Remote patient monitoring is also being used to train staff at different levels in hospitals. It can be used by front-line staff such as nurses, doctors, or paramedics who need to learn about specific diseases or treatments before they encounter them in person. Remote training can also be used to train managers and administrators on general management skills such as leadership, team building, or communication skills that are not specific to a particular discipline. But, implementing such a benefit can be difficult. Why? Because it requires in many cases a total adoption of what might be an unfamiliar technology and platform.
Who gets RPM?
Determining which patients should be monitored remotely is critical to successfully implementing a program of this nature. There are two elements of RPM models/tools right now — software and hardware. In many cases, the software can be adapted to tech devices your patient already owns. For example their smartphone or smartwatch. These are easy to set up and work automatically. Hardware, on the other hand, actual tangible tools you might have to invest in, is a whole other ballgame. Purchasing those tools might require extra funding or a huge amount of investment. And giving all your patients access to it might be cost-prohibitive. As such it is critical to determine who qualifies for RPM solutions and give those patients priority.
Data security & privacy
Data security and privacy are highly important in this industry because of the sensitivity of the medical info collected. The healthcare industry has strict guidelines for how data should be protected, such as not storing it on laptops or tablets. RPM solutions harness and collect a huge amount of sensitive data. They can create a bio-profile of a person. Data regarding their movement patterns, heartbeat, GPS location, and much more. It’s important that all of this data is secure since failure to do so might expose you to legal and liability issues.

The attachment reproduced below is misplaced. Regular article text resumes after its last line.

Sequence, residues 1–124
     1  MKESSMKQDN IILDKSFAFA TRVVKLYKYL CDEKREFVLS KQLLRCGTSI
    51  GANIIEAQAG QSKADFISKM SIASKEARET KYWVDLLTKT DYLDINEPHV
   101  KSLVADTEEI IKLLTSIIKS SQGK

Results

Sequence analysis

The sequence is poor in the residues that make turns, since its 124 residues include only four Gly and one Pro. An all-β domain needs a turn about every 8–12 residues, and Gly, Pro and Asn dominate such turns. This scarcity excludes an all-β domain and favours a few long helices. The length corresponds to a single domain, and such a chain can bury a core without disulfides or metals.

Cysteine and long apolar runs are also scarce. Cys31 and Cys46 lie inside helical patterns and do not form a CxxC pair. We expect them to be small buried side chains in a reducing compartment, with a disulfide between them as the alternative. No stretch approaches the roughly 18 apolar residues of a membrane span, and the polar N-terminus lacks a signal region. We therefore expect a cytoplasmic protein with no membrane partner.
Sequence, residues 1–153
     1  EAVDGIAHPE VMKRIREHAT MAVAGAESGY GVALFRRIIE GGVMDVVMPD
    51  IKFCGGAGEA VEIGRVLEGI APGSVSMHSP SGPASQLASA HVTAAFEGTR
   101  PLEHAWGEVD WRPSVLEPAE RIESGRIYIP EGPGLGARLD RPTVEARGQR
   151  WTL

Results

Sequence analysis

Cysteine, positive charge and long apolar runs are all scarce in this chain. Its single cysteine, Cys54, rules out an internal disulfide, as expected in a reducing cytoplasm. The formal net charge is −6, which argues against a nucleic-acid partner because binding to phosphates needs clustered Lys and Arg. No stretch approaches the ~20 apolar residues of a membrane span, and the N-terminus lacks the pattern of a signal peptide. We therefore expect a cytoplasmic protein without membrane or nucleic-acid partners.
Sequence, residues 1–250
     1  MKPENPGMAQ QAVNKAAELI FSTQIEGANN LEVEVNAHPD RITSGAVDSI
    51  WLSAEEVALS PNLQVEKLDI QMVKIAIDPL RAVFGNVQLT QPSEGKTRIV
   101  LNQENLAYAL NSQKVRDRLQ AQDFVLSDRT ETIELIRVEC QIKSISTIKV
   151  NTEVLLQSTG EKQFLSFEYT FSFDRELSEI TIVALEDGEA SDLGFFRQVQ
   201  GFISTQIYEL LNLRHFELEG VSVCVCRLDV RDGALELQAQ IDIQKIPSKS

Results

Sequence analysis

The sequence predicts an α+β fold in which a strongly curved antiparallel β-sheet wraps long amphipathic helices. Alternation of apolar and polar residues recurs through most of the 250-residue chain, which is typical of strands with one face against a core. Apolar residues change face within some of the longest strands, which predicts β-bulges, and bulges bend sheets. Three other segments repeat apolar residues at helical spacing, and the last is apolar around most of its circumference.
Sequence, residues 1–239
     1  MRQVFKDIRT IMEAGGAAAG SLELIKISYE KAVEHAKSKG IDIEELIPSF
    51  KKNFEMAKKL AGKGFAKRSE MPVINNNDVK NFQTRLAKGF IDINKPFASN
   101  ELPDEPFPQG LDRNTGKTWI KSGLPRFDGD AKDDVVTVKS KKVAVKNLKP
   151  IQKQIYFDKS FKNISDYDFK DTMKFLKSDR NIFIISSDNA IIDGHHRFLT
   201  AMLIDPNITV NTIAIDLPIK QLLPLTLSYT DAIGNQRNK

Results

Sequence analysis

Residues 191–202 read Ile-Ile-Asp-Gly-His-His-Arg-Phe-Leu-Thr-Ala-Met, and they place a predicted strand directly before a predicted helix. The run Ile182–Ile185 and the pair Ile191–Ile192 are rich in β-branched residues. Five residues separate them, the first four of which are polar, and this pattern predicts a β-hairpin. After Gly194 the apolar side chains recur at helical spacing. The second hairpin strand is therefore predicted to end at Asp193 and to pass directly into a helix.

It may take time for patients and staff to adjust to RPM — there’s a learning curve when it comes to RPM. In most cases, the practice has become much more autonomous, self-reliant, and non-intrusive. Nevertheless, some solutions require an adjustment period — as well as a training period. Your staff, like your patients, will need to embrace the model and get comfortable with it.
Patient technology difficulties are one of the biggest challenges of remote patient monitoring. Some individuals simply don’t like technology. Monitoring patients remotely demands an acceptance of today’s technology. Patients will need to adopt it and welcome those tools into their lives. A huge barrier to remote patient monitoring is that limitation— a limitation that might expose itself as an unwillingness to learn about the technology.
Choosing the right remote patient monitoring solution
Each practice is different. Each clinic is unique. They are ecosystems unto themselves with a lot of moving parts. A dynamic dance of principles, individuals, technology, and values. It’s critical to choose the best RPM solution for your organization — a juggling act that takes into consideration what your staff is willing to handle, the type of patients you have, your budget, and what you have already implemented, among other key factors.